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This album is the original motion picture soundtrack of That Thing You Do!, a 1996 movie written and directed by Tom Hanks. Set in the summer of 1964, the movie tells the story of a fictional one-hit wonder rock band from Erie, Pennsylvania, called The Wonders, following their whirlwind rise to the top of the pop charts, and just as quickly, their plunge back to obscurity.

The movie features original music by Hanks, Adam Schlesinger, Rick Elias, Scott Rogness, Mike Piccirillo, Gary Goetzman and Howard Shore. The Wonders' rise to brief stardom on the strength of "That Thing You Do!", a song written as a wistful ballad but which becomes an uptempo rocker during the band's first performance at a talent show. Written and composed by Schlesinger, bassist for Fountains of Wayne and Ivy, and released on the film's soundtrack, the song became a genuine hit for The Wonders in 1996 (the song peaked at #41 on the Billboard Hot 100, #22 on the Adult Contemporary charts, #18 on the Adult Top 40, and #24 on the Top 40 Mainstream charts). The track was nominated for the 1996 Golden Globe Award as well as the 1996 Academy Award for Best Original Song. Mike Viola, formerly of the Candy Butchers, provided the distinctive lead vocals for the Wonders.

In the film, the title song is referenced with "All My Only Dreams" as the B-side, but the actual 45 RPM single, released to record stores in North America, features "Dance With Me Tonight" as its B-side.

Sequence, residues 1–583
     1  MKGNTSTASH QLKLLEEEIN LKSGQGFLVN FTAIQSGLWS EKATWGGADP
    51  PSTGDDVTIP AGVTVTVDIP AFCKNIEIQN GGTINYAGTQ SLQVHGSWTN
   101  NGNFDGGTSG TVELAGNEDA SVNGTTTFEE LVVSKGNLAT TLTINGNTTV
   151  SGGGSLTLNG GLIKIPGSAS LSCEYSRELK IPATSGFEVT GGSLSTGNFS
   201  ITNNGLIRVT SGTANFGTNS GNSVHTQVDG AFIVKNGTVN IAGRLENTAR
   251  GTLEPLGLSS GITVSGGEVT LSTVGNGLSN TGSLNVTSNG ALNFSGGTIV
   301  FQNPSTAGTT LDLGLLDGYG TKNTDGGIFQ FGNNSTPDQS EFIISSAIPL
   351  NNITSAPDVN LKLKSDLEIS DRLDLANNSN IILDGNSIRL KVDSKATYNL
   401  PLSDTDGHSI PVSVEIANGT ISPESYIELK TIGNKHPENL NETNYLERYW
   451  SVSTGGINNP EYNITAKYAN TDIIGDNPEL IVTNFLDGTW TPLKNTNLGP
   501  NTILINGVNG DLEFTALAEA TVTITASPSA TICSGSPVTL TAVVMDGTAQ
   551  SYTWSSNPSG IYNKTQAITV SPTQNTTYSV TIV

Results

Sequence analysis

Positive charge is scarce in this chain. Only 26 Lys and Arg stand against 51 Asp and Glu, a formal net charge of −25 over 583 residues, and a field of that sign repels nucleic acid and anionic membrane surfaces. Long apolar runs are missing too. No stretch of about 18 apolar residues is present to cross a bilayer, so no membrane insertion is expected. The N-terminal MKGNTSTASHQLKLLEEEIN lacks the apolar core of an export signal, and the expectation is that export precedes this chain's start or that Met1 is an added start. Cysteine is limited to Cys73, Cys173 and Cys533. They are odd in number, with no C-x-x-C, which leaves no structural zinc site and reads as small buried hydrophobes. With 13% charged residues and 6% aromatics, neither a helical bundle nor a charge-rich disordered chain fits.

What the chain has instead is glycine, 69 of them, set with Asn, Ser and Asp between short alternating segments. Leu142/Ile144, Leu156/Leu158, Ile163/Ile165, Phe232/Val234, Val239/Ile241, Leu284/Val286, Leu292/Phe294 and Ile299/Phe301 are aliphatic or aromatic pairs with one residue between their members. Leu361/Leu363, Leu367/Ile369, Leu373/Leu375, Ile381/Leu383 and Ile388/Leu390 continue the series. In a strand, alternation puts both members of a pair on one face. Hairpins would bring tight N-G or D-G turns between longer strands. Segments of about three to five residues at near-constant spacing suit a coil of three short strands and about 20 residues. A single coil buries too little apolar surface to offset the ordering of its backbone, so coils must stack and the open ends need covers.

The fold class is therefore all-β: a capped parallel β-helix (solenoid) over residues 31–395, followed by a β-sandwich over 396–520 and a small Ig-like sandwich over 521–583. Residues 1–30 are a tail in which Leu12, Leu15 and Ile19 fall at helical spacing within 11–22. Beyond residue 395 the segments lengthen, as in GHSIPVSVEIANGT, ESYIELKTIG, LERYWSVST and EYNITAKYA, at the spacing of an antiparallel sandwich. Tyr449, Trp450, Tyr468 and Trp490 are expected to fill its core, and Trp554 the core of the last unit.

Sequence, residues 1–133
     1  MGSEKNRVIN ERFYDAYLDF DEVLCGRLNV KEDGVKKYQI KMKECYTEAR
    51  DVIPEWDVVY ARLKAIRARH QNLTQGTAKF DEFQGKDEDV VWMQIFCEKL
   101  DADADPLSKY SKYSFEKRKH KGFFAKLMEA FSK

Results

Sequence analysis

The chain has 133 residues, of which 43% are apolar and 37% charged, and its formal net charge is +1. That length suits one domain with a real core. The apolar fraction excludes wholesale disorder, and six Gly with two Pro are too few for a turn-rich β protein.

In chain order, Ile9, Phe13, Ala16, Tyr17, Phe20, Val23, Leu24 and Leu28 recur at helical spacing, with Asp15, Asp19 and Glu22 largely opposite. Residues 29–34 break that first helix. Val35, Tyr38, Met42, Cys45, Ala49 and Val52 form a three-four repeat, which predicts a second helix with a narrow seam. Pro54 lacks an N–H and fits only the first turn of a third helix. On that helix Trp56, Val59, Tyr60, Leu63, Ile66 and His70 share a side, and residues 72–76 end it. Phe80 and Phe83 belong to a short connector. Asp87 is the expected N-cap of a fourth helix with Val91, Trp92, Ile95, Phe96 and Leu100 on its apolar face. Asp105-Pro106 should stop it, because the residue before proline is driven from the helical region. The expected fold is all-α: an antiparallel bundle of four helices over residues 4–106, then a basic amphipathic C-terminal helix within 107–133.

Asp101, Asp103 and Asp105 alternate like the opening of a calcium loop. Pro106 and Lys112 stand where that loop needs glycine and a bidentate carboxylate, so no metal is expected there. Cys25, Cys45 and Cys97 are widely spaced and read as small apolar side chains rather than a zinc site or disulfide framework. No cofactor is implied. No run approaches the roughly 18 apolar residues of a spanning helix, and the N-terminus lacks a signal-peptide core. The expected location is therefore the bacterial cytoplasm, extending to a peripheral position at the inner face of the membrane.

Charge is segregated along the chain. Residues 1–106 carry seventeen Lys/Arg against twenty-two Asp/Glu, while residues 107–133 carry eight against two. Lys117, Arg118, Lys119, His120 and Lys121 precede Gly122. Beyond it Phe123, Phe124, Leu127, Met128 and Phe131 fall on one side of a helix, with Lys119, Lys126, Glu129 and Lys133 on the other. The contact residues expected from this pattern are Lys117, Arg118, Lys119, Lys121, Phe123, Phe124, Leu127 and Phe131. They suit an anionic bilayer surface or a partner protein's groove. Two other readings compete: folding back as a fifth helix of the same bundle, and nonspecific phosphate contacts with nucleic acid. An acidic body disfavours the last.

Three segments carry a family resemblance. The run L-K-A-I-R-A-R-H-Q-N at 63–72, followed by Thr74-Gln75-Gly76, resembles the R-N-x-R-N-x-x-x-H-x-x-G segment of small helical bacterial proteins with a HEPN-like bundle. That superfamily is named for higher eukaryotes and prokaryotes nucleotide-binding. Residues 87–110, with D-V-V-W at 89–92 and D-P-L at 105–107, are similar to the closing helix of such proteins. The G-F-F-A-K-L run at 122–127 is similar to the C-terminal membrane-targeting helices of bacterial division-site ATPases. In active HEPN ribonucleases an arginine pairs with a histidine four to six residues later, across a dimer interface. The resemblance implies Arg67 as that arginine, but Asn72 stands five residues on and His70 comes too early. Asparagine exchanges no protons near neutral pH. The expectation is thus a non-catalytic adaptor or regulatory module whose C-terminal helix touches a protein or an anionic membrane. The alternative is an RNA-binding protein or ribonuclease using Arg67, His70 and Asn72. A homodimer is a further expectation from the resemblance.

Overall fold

The soundtrack album (released under the Play-Tone name in conjunction with Epic Records) was also a hit, peaking at #21 on the Billboard Top 200. The CD artwork is a replica of the fictional Play-Tone label used in the movie, and the liner notes are done in a mockumentary style, as if the Wonders had been a real group and the events of the film had actually happened.

The song that plays during the film's opening credits, "Lovin' You Lots and Lots", is credited to the fictional Norm Wooster Singers but was actually written by Hanks. This song is a good-natured parody of Ray Conniff, Mitch Miller, and other practitioners of proto-muzak.

The tour and TV appearance are done in the authentic style of rock bands of the mid-1960s, including go-go girls, elaborate sharing of microphones, and formal clothing in various matching colors.

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